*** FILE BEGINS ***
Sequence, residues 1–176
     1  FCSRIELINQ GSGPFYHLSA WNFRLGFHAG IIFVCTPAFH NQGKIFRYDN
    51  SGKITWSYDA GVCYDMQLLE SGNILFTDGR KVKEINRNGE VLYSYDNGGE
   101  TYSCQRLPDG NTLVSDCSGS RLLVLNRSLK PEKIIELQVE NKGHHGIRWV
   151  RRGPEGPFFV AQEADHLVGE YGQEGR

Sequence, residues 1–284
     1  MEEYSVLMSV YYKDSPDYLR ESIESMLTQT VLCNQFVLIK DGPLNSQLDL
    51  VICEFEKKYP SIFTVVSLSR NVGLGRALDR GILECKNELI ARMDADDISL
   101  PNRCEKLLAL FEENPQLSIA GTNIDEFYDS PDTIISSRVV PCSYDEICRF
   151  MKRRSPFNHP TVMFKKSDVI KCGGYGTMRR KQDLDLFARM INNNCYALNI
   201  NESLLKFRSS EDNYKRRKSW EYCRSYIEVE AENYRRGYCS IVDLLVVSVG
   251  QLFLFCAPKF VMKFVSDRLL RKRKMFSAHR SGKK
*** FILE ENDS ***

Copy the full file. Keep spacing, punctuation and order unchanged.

Sequence, residues 1–176
     1  FCSRIELINQ GSGPFYHLSA WNFRLGFHAG IIFVCTPAFH NQGKIFRYDN
    51  SGKITWSYDA GVCYDMQLLE SGNILFTDGR KVKEINRNGE VLYSYDNGGE
   101  TYSCQRLPDG NTLVSDCSGS RLLVLNRSLK PEKIIELQVE NKGHHGIRWV
   151  RRGPEGPFFV AQEADHLVGE YGQEGR

Sequence, residues 1–284
     1  MEEYSVLMSV YYKDSPDYLR ESIESMLTQT VLCNQFVLIK DGPLNSQLDL
    51  VICEFEKKYP SIFTVVSLSR NVGLGRALDR GILECKNELI ARMDADDISL
   101  PNRCEKLLAL FEENPQLSIA GTNIDEFYDS PDTIISSRVV PCSYDEICRF
   151  MKRRSPFNHP TVMFKKSDVI KCGGYGTMRR KQDLDLFARM INNNCYALNI
   201  NESLLKFRSS EDNYKRRKSW EYCRSYIEVE AENYRRGYCS IVDLLVVSVG
   251  QLFLFCAPKF VMKFVSDRLL RKRKMFSAHR SGKK